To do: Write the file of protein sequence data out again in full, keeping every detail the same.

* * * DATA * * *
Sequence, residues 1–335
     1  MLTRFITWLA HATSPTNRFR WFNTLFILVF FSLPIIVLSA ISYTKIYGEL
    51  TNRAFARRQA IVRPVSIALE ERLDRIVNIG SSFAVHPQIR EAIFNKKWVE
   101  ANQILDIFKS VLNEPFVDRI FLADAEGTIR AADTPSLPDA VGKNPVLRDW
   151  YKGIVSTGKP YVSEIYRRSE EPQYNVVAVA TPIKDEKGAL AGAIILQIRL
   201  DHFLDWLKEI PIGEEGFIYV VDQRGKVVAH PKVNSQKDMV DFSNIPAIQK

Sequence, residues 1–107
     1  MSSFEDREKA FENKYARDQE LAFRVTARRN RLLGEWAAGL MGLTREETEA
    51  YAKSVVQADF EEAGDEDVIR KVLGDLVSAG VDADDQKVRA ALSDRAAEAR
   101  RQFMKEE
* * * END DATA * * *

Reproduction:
Sequence, residues 1–335
     1  MLTRFITWLA HATSPTNRFR WFNTLFILVF FSLPIIVLSA ISYTKIYGEL
    51  TNRAFARRQA IVRPVSIALE ERLDRIVNIG SSFAVHPQIR EAIFNKKWVE
   101  ANQILDIFKS VLNEPFVDRI FLADAEGTIR AADTPSLPDA VGKNPVLRDW
   151  YKGIVSTGKP YVSEIYRRSE EPQYNVVAVA TPIKDEKGAL AGAIILQIRL
   201  DHFLDWLKEI PIGEEGFIYV VDQRGKVVAH PKVNSQKDMV DFSNIPAIQK

Sequence, residues 1–107
     1  MSSFEDREKA FENKYARDQE LAFRVTARRN RLLGEWAAGL MGLTREETEA
    51  YAKSVVQADF EEAGDEDVIR KVLGDLVSAG VDADDQKVRA ALSDRAAEAR
   101  RQFMKEE